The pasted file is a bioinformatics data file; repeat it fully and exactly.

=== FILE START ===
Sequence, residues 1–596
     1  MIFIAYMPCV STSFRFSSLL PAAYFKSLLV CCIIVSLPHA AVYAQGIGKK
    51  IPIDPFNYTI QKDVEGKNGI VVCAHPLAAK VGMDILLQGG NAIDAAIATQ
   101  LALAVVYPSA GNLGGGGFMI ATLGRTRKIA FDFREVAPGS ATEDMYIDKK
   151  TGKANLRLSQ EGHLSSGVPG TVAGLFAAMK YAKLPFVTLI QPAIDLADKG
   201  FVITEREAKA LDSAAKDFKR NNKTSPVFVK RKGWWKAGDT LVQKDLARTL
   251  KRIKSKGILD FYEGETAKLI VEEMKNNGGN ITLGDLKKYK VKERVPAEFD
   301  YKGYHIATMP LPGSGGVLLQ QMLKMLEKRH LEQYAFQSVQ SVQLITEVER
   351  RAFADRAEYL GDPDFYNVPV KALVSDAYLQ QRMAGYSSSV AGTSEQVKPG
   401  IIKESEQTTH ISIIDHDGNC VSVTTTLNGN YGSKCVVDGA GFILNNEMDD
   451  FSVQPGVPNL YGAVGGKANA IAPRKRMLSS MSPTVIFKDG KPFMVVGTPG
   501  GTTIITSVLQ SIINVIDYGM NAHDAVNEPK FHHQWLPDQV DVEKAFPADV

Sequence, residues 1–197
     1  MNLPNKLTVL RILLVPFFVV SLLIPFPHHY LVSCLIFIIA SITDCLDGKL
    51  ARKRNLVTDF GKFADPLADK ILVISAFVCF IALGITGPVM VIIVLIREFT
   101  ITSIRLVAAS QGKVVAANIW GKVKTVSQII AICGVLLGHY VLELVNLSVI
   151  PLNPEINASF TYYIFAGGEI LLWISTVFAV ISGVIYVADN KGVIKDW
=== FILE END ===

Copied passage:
Sequence, residues 1–596
     1  MIFIAYMPCV STSFRFSSLL PAAYFKSLLV CCIIVSLPHA AVYAQGIGKK
    51  IPIDPFNYTI QKDVEGKNGI VVCAHPLAAK VGMDILLQGG NAIDAAIATQ
   101  LALAVVYPSA GNLGGGGFMI ATLGRTRKIA FDFREVAPGS ATEDMYIDKK
   151  TGKANLRLSQ EGHLSSGVPG TVAGLFAAMK YAKLPFVTLI QPAIDLADKG
   201  FVITEREAKA LDSAAKDFKR NNKTSPVFVK RKGWWKAGDT LVQKDLARTL
   251  KRIKSKGILD FYEGETAKLI VEEMKNNGGN ITLGDLKKYK VKERVPAEFD
   301  YKGYHIATMP LPGSGGVLLQ QMLKMLEKRH LEQYAFQSVQ SVQLITEVER
   351  RAFADRAEYL GDPDFYNVPV KALVSDAYLQ QRMAGYSSSV AGTSEQVKPG
   401  IIKESEQTTH ISIIDHDGNC VSVTTTLNGN YGSKCVVDGA GFILNNEMDD
   451  FSVQPGVPNL YGAVGGKANA IAPRKRMLSS MSPTVIFKDG KPFMVVGTPG
   501  GTTIITSVLQ SIINVIDYGM NAHDAVNEPK FHHQWLPDQV DVEKAFPADV

Sequence, residues 1–197
     1  MNLPNKLTVL RILLVPFFVV SLLIPFPHHY LVSCLIFIIA SITDCLDGKL
    51  ARKRNLVTDF GKFADPLADK ILVISAFVCF IALGITGPVM VIIVLIREFT
   101  ITSIRLVAAS QGKVVAANIW GKVKTVSQII AICGVLLGHY VLELVNLSVI
   151  PLNPEINASF TYYIFAGGEI LLWISTVFAV ISGVIYVADN KGVIKDW